How it’s different from toxic confidence.
All the cool kids were jumping off a cliff. I was 17, watching. My mom had warned me about this. Life can be so literal.
Now it was my turn.
I declined. People stared at me. The head coach tried to give me a pep talk. “Don’t be scared,” he said. “Just do it.”
Instead, I sat down on a rock.
Fifteen minutes later, a girl busted her ankle on a tree trunk hidden beneath the water’s surface. She limped down the trail, helped by friends. We knew she’d probably miss her first race. And she did.
I’ve been looking at confidence in people for a long time. I’ve had a lot of bosses, and sometimes I’ve been the boss. I’ve seen the fake kind of confidence that gets people hurt, and the true kind that you miss at first. I’ve always tried to cultivate authentic confidence.
Here’s what that looks like:
They love giving Braveheart speeches.
Someone with authentic confidence claps for someone else’s Braveheart speech. They sprinkle understated compliments into their daily interactions, in order to make people feel valued.
They don’t need credit for instilling someone else with confidence. They know that defeats the purpose.
They don’t need the spotlight because they are the spotlight.
They’re not trying to impress everyone in the room. Everyone in the room is trying to impress them.
Nobody wants to look dumb in front of people they respect.
Someone with authentic confidence knows that they owe it to themselves and everyone else to ask the embarrassing questions. That’s how you challenge assumptions and popular opinion.
It’s also how you learn.
Someone with authentic confidence sits back and listens. They give themselves time to think. They might go an entire meeting without saying anything. Non-western cultures value this.
Twelve years of teaching have shown me that quiet students are usually the best. They don’t like to be called on. They’ve told me that teachers who call on them are imposing their own values.
Unfortunately, Americans still reward loudmouths. We need to get better at listening and observing.
It has to be all positive, all the time.
They’ll even shame anyone who contradicts them or asks difficult questions that they can’t answer.
Someone with authentic confidence doesn’t complain in public, but they allow other people to complain. They know people feel fear and pessimism. They help people process their feelings, not run from them. They figure out how to tackle obstacles.
Someone with authentic confidence knows the difference between being optimistic and being delusional. They project confidence when they need to. Behind the scenes, they face reality.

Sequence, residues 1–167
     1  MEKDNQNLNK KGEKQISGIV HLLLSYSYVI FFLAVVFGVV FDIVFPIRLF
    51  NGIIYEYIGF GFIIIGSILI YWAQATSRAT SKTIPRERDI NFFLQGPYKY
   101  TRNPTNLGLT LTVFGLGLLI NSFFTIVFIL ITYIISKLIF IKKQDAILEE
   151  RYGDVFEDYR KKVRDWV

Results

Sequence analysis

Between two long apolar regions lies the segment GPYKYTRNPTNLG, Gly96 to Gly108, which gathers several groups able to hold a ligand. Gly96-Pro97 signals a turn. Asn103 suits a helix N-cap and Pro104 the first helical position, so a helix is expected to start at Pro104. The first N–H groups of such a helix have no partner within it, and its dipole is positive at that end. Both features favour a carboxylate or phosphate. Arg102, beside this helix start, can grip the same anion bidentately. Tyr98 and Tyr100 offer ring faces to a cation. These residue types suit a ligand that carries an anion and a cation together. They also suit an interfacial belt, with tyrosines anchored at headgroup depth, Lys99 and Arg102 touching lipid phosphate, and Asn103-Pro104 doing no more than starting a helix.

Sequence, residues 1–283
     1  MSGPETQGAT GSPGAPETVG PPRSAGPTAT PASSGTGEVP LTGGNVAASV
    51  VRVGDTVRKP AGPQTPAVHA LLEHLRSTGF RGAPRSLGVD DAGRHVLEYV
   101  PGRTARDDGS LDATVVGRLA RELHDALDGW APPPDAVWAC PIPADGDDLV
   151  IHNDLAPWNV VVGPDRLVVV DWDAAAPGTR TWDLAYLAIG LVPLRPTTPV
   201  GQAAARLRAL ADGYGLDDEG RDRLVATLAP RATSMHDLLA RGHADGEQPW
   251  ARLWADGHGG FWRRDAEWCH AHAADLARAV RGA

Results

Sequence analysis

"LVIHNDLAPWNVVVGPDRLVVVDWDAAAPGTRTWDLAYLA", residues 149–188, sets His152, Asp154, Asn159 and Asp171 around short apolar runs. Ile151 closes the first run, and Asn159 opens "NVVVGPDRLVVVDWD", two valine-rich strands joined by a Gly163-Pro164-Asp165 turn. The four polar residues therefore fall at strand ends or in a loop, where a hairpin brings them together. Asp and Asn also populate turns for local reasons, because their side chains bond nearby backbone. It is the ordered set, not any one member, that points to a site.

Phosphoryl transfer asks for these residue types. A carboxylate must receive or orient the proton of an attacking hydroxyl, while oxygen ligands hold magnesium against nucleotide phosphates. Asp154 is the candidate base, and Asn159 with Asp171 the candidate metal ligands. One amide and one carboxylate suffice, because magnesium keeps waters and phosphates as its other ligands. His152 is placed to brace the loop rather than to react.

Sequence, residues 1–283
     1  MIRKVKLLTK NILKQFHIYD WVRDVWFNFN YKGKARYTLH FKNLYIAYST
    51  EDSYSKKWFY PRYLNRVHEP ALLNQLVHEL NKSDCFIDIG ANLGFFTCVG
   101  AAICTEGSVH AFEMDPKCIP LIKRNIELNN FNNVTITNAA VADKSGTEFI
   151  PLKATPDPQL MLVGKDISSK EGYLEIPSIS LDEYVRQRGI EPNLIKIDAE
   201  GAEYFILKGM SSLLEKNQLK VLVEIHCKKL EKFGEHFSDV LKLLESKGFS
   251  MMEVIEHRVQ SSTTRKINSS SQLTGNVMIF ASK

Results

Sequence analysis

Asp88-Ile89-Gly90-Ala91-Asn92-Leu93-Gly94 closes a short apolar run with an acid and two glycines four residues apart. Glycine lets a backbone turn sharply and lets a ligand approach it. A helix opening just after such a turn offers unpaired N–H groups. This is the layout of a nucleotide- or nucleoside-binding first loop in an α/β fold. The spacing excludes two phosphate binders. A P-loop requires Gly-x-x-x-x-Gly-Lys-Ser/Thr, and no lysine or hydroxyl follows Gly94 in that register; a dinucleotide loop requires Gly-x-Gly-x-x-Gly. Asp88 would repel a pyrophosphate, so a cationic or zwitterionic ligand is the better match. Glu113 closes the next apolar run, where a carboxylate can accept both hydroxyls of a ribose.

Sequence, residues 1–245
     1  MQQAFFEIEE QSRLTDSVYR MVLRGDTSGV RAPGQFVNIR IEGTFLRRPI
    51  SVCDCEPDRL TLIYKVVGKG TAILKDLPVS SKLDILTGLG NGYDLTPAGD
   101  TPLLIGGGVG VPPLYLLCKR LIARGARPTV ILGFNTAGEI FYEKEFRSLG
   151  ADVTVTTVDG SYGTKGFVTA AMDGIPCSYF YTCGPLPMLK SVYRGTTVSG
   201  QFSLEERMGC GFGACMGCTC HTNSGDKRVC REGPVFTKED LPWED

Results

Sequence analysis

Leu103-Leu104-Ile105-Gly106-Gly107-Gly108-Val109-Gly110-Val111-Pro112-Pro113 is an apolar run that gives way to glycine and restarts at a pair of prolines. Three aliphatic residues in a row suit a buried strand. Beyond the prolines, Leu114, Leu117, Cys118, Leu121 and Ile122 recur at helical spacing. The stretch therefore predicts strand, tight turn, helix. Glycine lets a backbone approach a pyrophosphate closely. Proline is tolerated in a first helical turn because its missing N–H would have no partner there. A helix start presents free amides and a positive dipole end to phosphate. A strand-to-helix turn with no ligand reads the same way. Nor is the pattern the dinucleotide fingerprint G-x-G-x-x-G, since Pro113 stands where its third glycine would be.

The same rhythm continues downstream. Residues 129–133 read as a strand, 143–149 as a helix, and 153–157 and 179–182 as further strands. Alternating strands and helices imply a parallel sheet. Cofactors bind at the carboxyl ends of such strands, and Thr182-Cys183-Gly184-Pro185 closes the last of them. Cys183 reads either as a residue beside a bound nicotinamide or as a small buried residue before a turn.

Authentic confidence is about admitting your fears and flaws at the right time and place, with the right people.
Someone with authentic confidence knows an authentic apology can save almost any relationship. They value that relationship over their own ego. They understand an apology as an attempt to do whatever it takes to build back someone’s trust and respect.
Someone with authentic confidence knows there’s an intellectual and emotional side to discomfort, not just a physical one.
They know there’s always a dark, unsettling reflection waiting for them around the corner. They know they might learn one day that they’re not quite as tough or smart as they thought they were.
Someone with authentic confidence knows they’ve never accomplished anything by themselves.
They know some people have more privilege than others. They know they’re not at the bottom, or the top, but somewhere in the middle. They try to help people less fortunate than them whenever they can. They do this from a place of true humility and gratitude for what they have.
Toxic confidence puts people in danger.
It encourages poor judgment, and recklessness.
Someone with authentic confidence learns their limits by testing them and pushing them. They encourage other people to push against their limits, but never blindly ignore them.
Toxic confidence is like a fancy car in a showroom. It looks great, but there’s no engine inside. It doesn’t crank.
Authentic confidence is the opposite.
It’s been out on the road. It’s been across the country. It might have some wear. But it’ll always get you where you need to go.